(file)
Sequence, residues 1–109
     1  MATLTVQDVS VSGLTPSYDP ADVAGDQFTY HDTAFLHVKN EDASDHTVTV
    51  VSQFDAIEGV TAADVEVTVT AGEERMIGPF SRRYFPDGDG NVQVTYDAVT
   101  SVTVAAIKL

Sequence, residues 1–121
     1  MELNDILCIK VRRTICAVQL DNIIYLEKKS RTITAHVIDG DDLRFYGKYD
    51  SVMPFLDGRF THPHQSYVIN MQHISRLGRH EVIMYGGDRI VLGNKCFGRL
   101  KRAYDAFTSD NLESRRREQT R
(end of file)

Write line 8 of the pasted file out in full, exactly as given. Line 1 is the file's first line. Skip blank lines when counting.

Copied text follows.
   101  KRAYDAFTSD NLESRRREQT R